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Access 2010 Runtime on a 32 bit Office on a 64 bit Operating System.

I am having a problem with one client who is trying to run a small access database on his computer using Runtime, this database works perfectly in the 32 bit environment but he has tried this on the Runtime for 32 bit and for 64 bit and nothing seems to be working.  The latest message I have is "Execution of this Application has stopped due to a Runtime Error"

Any help would be greatly appreciated.   We were told to download "service pack 2 for Office 2010" but we cant find the link and I dont know if this is the answer - please experts help me.
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AnnetteDavid
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AnnetteDavid
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3 Solutions
 
peter57rCommented:
There is no such service pack.  Office 2010 has only had SP1.

But I don't think I can help you with the problem.

The only issue I can think of that could cause a problem is the use of API calls -   many declarations have to be modified for use in a 64-bit environment.
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Scott McDaniel (Microsoft Access MVP - EE MVE )Infotrakker SoftwareCommented:
In addition to what Peter said about API calls, also be sure that the references on the target machine are valid. If you can list out the references you have in your database we can perhaps spot one that might be troublesome.

Execution of this Application has stopped due to a Runtime Error
This generally means you have an unhandled error in your code. When dealing with the Runtime it is CRITICAL that you have proper error handling in place.

MZ Tools can help with that (www.mztools.com) - it's an add-in that is indispensable for working with Access. One of the many features is that it can automatically add error handling to all your procedures (be sure to make a backup first, just in case).  Best of all, MZ Tools is free!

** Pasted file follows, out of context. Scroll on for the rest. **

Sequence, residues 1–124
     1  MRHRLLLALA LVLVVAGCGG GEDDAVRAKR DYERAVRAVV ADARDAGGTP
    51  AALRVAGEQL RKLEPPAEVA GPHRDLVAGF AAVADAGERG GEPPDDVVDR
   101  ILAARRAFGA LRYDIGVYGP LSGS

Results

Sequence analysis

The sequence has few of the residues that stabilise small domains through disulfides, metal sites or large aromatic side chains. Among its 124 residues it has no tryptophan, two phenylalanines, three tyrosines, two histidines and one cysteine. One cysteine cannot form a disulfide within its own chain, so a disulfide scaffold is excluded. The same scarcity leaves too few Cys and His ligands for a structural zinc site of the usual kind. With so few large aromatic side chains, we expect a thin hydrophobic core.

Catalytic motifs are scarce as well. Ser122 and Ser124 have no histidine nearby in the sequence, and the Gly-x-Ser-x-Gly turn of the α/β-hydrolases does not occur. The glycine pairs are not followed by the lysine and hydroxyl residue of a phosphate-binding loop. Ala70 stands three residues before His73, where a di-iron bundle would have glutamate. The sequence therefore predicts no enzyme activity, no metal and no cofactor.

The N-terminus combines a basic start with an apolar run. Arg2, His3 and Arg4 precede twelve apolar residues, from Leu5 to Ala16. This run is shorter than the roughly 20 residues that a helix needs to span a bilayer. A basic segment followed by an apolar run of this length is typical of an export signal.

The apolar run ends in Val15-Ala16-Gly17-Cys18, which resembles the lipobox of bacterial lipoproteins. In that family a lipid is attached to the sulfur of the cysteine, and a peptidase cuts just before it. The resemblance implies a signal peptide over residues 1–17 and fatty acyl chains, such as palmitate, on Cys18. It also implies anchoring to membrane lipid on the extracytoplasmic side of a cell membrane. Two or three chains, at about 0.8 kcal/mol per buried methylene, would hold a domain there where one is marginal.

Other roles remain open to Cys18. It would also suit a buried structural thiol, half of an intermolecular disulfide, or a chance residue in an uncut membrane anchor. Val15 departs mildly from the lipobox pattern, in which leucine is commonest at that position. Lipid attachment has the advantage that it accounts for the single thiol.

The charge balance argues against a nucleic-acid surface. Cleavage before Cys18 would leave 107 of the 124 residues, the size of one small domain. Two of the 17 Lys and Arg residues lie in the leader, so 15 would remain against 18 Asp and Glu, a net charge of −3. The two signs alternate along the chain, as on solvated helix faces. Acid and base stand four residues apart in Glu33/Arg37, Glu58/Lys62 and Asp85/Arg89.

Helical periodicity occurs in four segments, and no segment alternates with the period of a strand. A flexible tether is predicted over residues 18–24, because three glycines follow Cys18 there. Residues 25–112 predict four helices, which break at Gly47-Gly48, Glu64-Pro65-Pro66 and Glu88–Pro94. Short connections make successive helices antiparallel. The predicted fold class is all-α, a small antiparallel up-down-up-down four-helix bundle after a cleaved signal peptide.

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AnnetteDavidAuthor Commented:
Going to try MZ Tools now, thank you, will let you know how it goes
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AnnetteDavidAuthor Commented:
OK, I have tried MZ Tools and yes it is amazing, however it is also a bit above my level of expertise and I will ask a couple of my colleagues to look at it as well.

I need advice please.  We need to buy another computer, we produce a std database sold to all different platforms and we need to be able to test and run on all of them.  In future we think we will not do runtime but that doesnt matter at the moment.

If we buy a 64 bit machine with 64 bit software (windows and office) - will a database created on this run on Access 2007 on windows 7 or earlier? -- I think the answer is NO but need to double check
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peter57rCommented:
Definitely NO for Office2010.  You must use 32-bit Office , whether you run 32bit or 64bit windows.  But that's only one issue.

In addition , the chances of you building an app in Access2010 that runs OK in Access 2007 are minimal. Backwards compatibility is almost non-existant from A2010 to A2007.

If you are distributing to customers who are using A2007 then you MUST produce your app using A2007.
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AnnetteDavidAuthor Commented:
Hi Peter, than you for your answer.  At present our largest selling database runs perfectly in 2010 and 2007 on 32 bit, however people are buying 64 bit and the first time we had a problem with this was trying to use a runtime.  If we do not do runtime anylonger (I detest it anyway) are you suggesting we dont need to buy a 64 bit (because of backward compatibility).  Please I am not asking for total commitment, just your expertise and experience.

Thank you as always for your help.